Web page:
in consumers with atmospheric Indie music and up-to-date window
displays – shopping here becomes an experience, more of a night out
than a Saturday afternoon browse.
So what happens to Lord Street
while the monster chain stores are guzzling up all the young
customers? Presumably, the older generation would stick to their
territory, while the 13 to 25 age group would not think to venture
beyond Chapel Street. However, creeping up on the radar of fashion’s
trendiest are the once dismissed charity shops! Yes, that’s right.
Charity shops were at one time avoided at all costs by the fashion
pack; now the edgiest of fashionistas can be found rummaging through
rails of Save the Children and Oxfam in search of a one-off piece.
Charity shops are the latest way to update your wardrobe at low
prices. A lack of funds has always been an issue for students and
young people, making it difficult to stand out from the crowd. The
likes of Primark deliver ‘fast fashion’ but are not unique or made
to last. In charity shops however, there is always the possibility
of finding a wonderful designer label. With a bit of updating (new
buttons, shorter hemlines) a garment can look like it’s fallen off
the catwalk at London Fashion Week.
A major obsession at the moment is vintage; Lily Allen and her
sister Sarah Owen are in the midst of setting up their own business,
‘Lucy in Disguise,’ which rents and sells vintage outfits. With
influential people embracing all that is ‘old’, females are
practically running into these shops to snap up pieces from
yesteryear. For consumers who don’t wish to pay these inflated
prices, you can always snaffle a bargain at one of the many charity
Not only are charity shops useful for providing garments and
accessories, but they are vital money-raising organisations. Many
charities are desperate for donations and need every penny they can
get, so there is also the satisfaction that comes with helping those
in need. The next time you stroll past a second-hand shop, stop to
consider that inside there may lie a retro eighties jacket similar
to the one you have been coveting in the glossy magazines. For
teenagers there is no need to worry about saving for months for that
Zara dress or Mango skirt. Charity shops are coming to the rescue!”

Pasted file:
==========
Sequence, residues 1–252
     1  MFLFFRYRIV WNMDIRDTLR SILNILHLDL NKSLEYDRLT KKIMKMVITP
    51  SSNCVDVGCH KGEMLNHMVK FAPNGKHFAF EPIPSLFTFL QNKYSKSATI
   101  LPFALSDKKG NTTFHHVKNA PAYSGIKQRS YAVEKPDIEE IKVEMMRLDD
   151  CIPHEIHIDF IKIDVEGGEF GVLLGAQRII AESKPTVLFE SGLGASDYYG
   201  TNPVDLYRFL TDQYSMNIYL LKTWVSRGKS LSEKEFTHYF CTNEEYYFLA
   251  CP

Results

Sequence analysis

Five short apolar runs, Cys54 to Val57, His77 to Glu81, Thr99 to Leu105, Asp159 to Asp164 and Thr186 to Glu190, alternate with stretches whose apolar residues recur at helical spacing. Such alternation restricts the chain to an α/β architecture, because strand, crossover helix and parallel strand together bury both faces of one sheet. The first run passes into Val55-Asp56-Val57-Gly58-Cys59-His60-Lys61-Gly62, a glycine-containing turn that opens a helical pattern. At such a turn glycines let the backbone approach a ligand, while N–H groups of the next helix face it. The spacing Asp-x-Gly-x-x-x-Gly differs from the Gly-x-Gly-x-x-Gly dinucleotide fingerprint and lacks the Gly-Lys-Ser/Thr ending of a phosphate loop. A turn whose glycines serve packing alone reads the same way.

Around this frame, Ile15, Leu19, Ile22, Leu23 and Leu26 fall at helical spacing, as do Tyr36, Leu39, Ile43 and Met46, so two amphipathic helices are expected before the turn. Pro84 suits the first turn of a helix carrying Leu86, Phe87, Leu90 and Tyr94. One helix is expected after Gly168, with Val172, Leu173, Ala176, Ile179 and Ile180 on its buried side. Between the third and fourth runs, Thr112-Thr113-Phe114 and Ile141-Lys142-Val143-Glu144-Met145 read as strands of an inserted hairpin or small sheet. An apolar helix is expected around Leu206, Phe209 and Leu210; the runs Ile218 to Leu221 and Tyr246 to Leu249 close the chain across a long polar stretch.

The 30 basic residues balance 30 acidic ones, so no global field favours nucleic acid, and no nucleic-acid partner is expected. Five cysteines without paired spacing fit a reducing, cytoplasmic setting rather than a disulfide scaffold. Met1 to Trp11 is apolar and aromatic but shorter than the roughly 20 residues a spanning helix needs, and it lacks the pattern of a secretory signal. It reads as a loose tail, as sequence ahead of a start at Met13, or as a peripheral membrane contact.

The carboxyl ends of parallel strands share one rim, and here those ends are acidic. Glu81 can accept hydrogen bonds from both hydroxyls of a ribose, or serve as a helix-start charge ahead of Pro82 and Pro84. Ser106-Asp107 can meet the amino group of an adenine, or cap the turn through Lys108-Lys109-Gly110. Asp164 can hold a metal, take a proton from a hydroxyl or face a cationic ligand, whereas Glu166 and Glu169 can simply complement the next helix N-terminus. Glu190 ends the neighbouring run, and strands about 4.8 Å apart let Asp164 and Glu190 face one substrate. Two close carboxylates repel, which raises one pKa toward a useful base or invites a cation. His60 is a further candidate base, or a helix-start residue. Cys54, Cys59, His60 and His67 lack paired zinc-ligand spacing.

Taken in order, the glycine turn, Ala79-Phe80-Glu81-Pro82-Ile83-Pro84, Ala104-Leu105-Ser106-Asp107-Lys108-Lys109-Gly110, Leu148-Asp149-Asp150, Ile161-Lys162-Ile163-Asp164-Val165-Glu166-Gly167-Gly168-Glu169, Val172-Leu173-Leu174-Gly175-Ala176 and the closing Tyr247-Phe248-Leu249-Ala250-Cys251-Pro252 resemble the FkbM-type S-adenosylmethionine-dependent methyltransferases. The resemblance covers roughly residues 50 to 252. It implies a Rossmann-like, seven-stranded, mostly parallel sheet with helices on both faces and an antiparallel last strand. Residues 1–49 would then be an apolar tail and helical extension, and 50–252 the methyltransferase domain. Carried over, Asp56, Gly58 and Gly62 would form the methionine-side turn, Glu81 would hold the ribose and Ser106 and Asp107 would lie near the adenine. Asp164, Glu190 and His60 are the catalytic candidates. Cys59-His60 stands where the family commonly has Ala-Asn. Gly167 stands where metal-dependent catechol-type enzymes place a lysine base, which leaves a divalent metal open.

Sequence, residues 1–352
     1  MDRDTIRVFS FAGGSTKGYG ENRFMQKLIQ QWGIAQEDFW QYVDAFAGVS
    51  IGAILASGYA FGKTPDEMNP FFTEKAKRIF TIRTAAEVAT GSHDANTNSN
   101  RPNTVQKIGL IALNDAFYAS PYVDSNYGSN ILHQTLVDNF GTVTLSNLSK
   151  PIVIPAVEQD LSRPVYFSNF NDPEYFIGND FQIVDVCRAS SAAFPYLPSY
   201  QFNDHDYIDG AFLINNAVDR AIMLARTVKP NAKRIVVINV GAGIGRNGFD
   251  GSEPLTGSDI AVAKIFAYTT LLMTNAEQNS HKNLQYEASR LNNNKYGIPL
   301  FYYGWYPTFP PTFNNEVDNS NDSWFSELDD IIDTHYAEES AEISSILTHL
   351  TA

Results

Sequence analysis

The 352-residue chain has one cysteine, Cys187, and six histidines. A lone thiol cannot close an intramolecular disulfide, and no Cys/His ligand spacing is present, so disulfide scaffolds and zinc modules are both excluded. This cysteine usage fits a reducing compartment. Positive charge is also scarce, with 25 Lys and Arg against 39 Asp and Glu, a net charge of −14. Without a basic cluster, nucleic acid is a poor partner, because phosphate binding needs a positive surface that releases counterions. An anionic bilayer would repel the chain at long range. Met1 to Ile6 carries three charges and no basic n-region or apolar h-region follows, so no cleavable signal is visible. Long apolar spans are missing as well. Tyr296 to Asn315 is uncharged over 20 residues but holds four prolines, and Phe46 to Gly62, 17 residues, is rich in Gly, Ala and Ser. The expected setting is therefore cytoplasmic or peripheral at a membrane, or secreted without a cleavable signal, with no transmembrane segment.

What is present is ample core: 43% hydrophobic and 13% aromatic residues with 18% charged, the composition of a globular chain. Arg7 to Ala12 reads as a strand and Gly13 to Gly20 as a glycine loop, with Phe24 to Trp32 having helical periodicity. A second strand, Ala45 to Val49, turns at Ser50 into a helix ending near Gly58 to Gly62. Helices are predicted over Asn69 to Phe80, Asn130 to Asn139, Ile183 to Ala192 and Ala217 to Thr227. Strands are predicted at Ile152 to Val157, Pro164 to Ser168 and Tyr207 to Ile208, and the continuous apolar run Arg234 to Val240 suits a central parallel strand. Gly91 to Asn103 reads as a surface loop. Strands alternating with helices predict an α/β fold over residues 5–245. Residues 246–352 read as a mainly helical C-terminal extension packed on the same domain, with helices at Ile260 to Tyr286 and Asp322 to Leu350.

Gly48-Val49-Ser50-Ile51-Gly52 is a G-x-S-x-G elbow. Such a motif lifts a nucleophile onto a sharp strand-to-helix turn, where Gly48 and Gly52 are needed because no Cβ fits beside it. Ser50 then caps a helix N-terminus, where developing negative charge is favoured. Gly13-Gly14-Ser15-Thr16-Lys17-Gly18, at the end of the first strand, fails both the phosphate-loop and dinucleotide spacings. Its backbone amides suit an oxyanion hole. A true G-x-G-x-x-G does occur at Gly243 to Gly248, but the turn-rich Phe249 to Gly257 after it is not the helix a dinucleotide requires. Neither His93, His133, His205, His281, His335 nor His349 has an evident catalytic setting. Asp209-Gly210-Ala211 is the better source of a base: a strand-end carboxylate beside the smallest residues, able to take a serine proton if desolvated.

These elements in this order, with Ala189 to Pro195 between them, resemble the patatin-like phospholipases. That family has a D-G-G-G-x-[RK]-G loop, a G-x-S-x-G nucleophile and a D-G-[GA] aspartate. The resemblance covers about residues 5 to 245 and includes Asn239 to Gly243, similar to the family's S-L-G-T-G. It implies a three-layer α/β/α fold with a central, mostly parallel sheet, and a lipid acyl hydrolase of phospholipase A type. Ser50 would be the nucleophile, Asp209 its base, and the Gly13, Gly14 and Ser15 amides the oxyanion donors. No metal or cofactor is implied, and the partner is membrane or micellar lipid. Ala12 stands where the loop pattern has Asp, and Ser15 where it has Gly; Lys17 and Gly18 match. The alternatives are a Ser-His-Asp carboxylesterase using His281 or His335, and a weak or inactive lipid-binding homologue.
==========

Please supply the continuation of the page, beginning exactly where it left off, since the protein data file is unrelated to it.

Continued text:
Lydia Tomlinson aged 15.
Trading Standards Warns About Rogue Doorstep Traders
TRADING Standards officers in
Sefton are backing a national campaign which highlights rogue
doorstep traders offering winter home improvement services. The
Office of Fair Trading and Age UK have joined forces to warn people,
particularly those in later life, the vulnerable and their friends
and family, of the problem as winter approaches. The awareness drive
highlights the financial risks of being scammed and the emotional
toll it can take. It is being supported by resident agony aunt at
ITV's 'This Morning', Denise Robertson.
She said:- "I receive many letters from people who have been
swindled by illegitimate doorstep handymen. They often feel too
embarrassed to talk about it, even with their closest family and
friends. I hope that by bringing this issue into the open, people
will feel more comfortable to talk about it and also more confident,
if they are approached, to say no or ask for time to consider,
rather than agree to work on the spot."
While canvassing on the doorstep is not illegal and there are many
legitimate businesses selling to people in the home, rogue doorstep
trading is an ongoing problem in the UK. Last year, advice service
Consumer Direct received more than 5,300 complaints about traders
offering home maintenance work on the doorstep, a 16 per cent rise
from the previous year.
Sefton Council Trading Standards manager, Andrew Naisbitt, said:-
"Only in the past couple of weeks we have had complaints from
residents in relation to callers turning up on the doorstep offering
services. Some residents have also been contacted over the phone.
These have been in relation to roofing repairs and selling alarm
systems, the type of services people consider as winter approaches.
Work or service carried out by these traders is sometimes
unnecessary, of a poor standard, much more expensive than originally
quoted or not done at all. Our advice is to try and ignore such
sellers. If in doubt, call Consumer Direct on:- 08454 040506 or